“And what if I told you that Guyen’s withholding knowledge from you?” Lain pressed. “How about transmissions from the moon colony we left behind? Heard any of those lately?”

Karst looked sidelong at Vitas. “Yeah? What’ve they got to say?”

“Fucking little. They’re all dead.”

Lain smiled grimly into the silence that generated. “They died while we were still on our way to the grey planet system. They called the ship; Guyen intercepted their messages. Did he tell any of you? He certainly didn’t tell me. I found the signals archived, by chance.”

“What happened to them?” Karst said reluctantly.

“I’ve put the messages up on the system, where you can both access them. I’ll direct you to them. Be quick, though. Unprotected data gets corrupted quickly nowadays, thanks to Guyen’s leftovers.”

“Yeah, well, he blames you for that. Or Kern sometimes,” Karst pointed out.

“Kern?” Holsten demanded. “The satellite thing?”

“It was in our systems,” Vitas remarked. “It’s possible it left some sort of ghost construct to monitor us. Guyen believes so.” Her face wrinkled up, just a little. “Guyen has become somewhat obsessed. He believes that Kern is trying to stop him.” She nodded cordially to Lain. “Kern and you.”

Lain folded her arms. “Cards on the table. I see no fucking benefit to Guyen becoming an immortal presence in our computer system. In fact, I see all manner of possible drawbacks, some of them fatal for us, the ship and the entire human race. Ergo: we stop him. Who’s in? Holsten’s with me.”

“Well, shit, if you’ve got him, why’d you need the rest of us?” Karst drawled.

“He’s Key Crew.”

Karst’s expression was eloquent as to his opinion of that.

And is that it, for me? I’m just here to add my miniscule weight—unasked!—to Lain’s argument? Holsten considered morosely.

“I confess that I am curious as to the result of the

commander’s experiment. The ability to preserve human minds electronically would certainly be advantageous,” Vitas stated.

“Planning to become Bride of Guyen?” Karst asked, startling a glare from her.

“Karst?” Lain prompted.

The security chief threw his hands up. “Nobody tells me anything, not really. People just want me to do stuff and they’re never straight with me. Me? I’m for my people. Right now, Guyen’s got a whole bunch of weirdos who have been raised from the cradle on him being the fucking messiah. You’ve got a handful of decently tooled and trained lads and lasses here, but you’re not exactly the fighting elite. Take on Guyen and you’ll lose. Now I’m not a fucking scientist or anything, but my maths says why should I help you when I’ll likely just get my people hurt?”

“Because you’ve got the guns to counter Guyen’s numbers.”

“Not a good reason,” Karst stated.

“Because I’m right, and Guyen’s going to wreck the ship’s systems by trying to force his fucking ego into our computers.”

“Says you. He says differently,” Karst replied stubbornly. “Look, you reckon you’ve got an actual plan, as in an actual plan that would have a chance of success and not just ‘let Karst do all the work’? Come to me with that, and maybe I’ll listen. Until then …” He made a dismissive gesture. “You’ve not got enough, Lain. Not chances, nor arguments either.”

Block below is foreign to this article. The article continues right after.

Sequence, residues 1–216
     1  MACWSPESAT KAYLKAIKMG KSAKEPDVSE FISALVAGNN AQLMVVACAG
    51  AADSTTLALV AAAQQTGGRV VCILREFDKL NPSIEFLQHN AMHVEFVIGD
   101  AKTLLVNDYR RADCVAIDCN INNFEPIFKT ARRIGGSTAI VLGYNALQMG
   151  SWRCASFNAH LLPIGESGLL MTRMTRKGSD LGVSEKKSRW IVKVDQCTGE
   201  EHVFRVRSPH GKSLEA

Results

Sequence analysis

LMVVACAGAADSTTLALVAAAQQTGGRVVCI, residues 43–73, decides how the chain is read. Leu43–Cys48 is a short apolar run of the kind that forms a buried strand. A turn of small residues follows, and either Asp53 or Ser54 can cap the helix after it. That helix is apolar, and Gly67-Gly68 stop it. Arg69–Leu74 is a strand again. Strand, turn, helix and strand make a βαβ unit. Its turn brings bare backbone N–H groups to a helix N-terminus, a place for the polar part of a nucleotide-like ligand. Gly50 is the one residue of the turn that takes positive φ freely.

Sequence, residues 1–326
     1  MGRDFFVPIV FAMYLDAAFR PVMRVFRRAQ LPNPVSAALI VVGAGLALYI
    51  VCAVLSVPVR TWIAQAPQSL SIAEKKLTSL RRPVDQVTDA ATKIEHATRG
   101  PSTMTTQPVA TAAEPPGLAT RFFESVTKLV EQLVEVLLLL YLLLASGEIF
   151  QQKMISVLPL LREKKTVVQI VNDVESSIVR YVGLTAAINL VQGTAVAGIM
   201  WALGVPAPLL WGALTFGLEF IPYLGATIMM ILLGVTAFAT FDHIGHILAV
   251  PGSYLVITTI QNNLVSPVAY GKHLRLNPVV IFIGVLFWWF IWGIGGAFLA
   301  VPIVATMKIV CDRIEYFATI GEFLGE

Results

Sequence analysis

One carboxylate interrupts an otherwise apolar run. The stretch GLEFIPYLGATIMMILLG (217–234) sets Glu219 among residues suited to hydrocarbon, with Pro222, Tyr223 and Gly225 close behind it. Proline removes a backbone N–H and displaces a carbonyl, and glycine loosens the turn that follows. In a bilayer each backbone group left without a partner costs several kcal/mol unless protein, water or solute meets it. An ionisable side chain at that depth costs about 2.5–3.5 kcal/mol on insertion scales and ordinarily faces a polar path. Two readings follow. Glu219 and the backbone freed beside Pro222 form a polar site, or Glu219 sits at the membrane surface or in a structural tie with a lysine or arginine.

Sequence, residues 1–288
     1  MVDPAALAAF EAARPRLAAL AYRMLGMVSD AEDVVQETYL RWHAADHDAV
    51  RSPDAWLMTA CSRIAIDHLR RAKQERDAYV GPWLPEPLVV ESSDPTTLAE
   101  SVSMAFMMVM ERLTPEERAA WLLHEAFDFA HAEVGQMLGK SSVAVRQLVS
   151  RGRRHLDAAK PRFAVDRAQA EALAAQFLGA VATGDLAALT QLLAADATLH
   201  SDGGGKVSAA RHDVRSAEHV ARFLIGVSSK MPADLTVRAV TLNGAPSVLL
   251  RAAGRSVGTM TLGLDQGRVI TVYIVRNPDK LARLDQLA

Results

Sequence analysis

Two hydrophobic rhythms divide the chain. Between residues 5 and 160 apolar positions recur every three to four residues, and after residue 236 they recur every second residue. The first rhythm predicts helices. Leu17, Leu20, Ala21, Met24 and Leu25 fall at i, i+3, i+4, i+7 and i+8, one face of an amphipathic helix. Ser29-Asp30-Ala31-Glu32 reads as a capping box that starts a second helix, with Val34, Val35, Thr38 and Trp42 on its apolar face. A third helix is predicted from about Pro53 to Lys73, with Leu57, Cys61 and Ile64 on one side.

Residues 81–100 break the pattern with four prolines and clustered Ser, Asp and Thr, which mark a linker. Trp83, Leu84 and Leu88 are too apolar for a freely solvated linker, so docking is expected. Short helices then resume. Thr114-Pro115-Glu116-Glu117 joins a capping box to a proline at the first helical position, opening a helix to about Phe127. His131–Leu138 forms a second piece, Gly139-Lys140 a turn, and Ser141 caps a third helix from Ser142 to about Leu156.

“Then just give me enough guns,” Lain insisted.

Karst sighed massively. “I only really got as far as making one rule: nobody gets the guns. You’re worried about the damage Guyen’ll do with this thing he wants to do? Well, I don’t get any of that. But the damage when everyone starts shooting everyone else—and all sorts of bits of the ship, too? Yeah, that I understand. The mutiny was bad enough. Like I

say, come back when you’ve got more.” “Give me disruptors, then.”

The security chief shook his head. “Look, sorry to say it, but I still don’t think that’ll even the odds enough for you to actually win, and then Guyen’s not exactly going to be scratching his head about where all your dead people got their toys from, eh? Get me a proper idea. Show me you can actually pull it off.”

“So you’ll help me if I can show I don’t actually need you?”

He shrugged. “We’re done here, aren’t we? Let me know when you’ve got a plan, Lain.” He turned and lumbered off, the plates of his armoured suit scraping together slightly.

Lain was icily furious as Karst and Vitas left, fists clenching and re-clenching.

“Pair of self-deluding fuckwits!” she spat. “They know I’m right, but it’s Guyen—they’re so used to doing what that mad son of a bitch says.”

She glared at Holsten as if daring him to gainsay her. In fact, the historian had felt a certain sympathy with Karst’s position, but plainly that was not what Lain wanted to hear.

“So what will you do?” he asked.

“Oh, we’ll act,” Lain swore. “Let Karst keep his precious guns locked up. We’ve got one workshop up and running, and I’ve already started weapons production. They won’t be pretty, but they’re better than knives and clubs.”

“And Guyen?”

“If he’s got any sense, he’s doing the same, but I’m better at it. I’m Engineering, after all.”

“Lain, are you sure you want a war?”